World of Mandala
Publisher: Better Listen
Date: November 2013
Duration: 1 hours 52 minutes
"Mandala" is an ancient Sanskrit word meaning "sacred circle that protects the soul." It also refers to the sacred cosmograms that serve as core symbols of all cultures. Westerners have been fascinated for centuries about the mandalas of the Hindu-Buddhist cultures of Asia, most often painted geometric diagrams of great beauty and sophistication, that draw the viewer into a realm of balance, harmony, and calm. But such diagrams are actually architectural blueprints of the purified realm of bliss that we can only realize through enlightenment. They represent three-dimensional spaces of personal and communal exaltation, palaces for the regal confidence of love, compassion, and universal satisfaction of self and other. Understanding their role in anchoring the world-picture of a culture or a person provides a new insight into the "mandalas" of our own culture – the national space anchored by the Washington monument and its environs, or the personal cosmological space anchored by the models of the solar system, the DNA double-helix molecule, and the atom.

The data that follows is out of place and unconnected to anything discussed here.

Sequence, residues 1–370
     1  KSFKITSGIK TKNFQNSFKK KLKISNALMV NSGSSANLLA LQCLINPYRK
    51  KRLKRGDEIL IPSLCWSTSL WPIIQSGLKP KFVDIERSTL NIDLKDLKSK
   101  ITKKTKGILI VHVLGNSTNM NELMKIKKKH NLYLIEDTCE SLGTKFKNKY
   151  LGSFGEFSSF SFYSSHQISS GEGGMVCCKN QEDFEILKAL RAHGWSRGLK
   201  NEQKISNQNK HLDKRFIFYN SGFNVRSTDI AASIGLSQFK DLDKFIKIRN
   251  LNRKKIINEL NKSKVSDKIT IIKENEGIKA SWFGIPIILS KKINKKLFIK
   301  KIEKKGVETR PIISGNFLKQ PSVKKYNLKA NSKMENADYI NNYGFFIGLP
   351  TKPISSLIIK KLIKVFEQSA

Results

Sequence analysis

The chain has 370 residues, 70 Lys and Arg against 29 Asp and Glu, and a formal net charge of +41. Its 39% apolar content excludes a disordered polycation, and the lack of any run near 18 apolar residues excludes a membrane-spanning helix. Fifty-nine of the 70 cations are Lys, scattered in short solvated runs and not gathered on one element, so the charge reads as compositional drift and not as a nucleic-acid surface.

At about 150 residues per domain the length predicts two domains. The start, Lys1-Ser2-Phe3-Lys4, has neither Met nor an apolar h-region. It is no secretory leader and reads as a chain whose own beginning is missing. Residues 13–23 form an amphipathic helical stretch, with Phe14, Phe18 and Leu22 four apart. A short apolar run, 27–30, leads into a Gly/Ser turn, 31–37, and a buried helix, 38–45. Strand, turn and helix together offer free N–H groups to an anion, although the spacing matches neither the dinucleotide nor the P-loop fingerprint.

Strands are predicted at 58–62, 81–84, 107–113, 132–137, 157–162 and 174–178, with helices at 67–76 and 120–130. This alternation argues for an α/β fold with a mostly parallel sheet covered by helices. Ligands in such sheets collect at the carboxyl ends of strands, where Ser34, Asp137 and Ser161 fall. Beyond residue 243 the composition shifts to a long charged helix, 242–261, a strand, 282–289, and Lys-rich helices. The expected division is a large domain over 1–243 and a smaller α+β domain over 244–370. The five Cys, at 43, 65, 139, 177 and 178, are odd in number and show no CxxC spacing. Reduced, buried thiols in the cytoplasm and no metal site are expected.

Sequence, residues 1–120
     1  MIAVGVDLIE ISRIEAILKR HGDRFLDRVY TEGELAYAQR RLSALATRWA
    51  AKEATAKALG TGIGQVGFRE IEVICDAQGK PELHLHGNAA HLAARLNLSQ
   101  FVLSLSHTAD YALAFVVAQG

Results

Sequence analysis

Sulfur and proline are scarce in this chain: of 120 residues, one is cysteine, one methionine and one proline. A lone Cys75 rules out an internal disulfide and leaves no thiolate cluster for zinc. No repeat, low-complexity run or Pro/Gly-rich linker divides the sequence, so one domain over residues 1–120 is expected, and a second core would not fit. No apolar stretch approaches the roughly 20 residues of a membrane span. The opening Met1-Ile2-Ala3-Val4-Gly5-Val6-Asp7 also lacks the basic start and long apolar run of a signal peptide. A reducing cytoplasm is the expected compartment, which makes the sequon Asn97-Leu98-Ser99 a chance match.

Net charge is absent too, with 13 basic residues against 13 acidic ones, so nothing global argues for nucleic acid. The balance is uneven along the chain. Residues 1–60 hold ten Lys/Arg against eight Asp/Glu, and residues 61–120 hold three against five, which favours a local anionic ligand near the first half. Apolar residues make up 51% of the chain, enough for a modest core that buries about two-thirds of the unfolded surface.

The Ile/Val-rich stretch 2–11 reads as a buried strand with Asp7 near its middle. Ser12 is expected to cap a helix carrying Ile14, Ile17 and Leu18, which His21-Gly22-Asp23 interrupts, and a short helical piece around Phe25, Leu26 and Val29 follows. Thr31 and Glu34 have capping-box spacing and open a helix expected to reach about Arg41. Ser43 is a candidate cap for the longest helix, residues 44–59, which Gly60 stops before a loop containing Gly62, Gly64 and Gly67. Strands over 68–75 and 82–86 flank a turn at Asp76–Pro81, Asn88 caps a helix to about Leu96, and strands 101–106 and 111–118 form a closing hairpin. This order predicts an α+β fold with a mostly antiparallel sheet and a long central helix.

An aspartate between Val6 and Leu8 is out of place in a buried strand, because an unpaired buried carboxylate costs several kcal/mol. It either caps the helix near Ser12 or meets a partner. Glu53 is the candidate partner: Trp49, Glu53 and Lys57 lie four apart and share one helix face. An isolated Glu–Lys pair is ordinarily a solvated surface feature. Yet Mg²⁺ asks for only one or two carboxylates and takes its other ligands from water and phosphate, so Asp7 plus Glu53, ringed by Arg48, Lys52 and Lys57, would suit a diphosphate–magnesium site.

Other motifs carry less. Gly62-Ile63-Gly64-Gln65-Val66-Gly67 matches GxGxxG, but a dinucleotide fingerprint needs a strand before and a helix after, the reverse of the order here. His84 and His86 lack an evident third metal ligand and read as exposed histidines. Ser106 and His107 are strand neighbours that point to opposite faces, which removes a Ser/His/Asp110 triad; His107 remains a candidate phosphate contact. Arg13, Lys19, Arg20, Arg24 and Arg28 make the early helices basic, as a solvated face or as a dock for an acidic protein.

Robert A.F. Thurman is the Jey Tsong Khapa Professor of Indo-Tibetan Buddhist Studies in the Department of Religion at Columbia University, President of the Tibet House U.S., a non-profit organization dedicated to the preservation and promotion of Tibetan civilization, and President of the American Institute of Buddhist Studies. Thurman is known as a talented popularizer of the Buddha's teachings. He is a riveting speaker and an author of many books on Tibet, Buddhism, art, politics and culture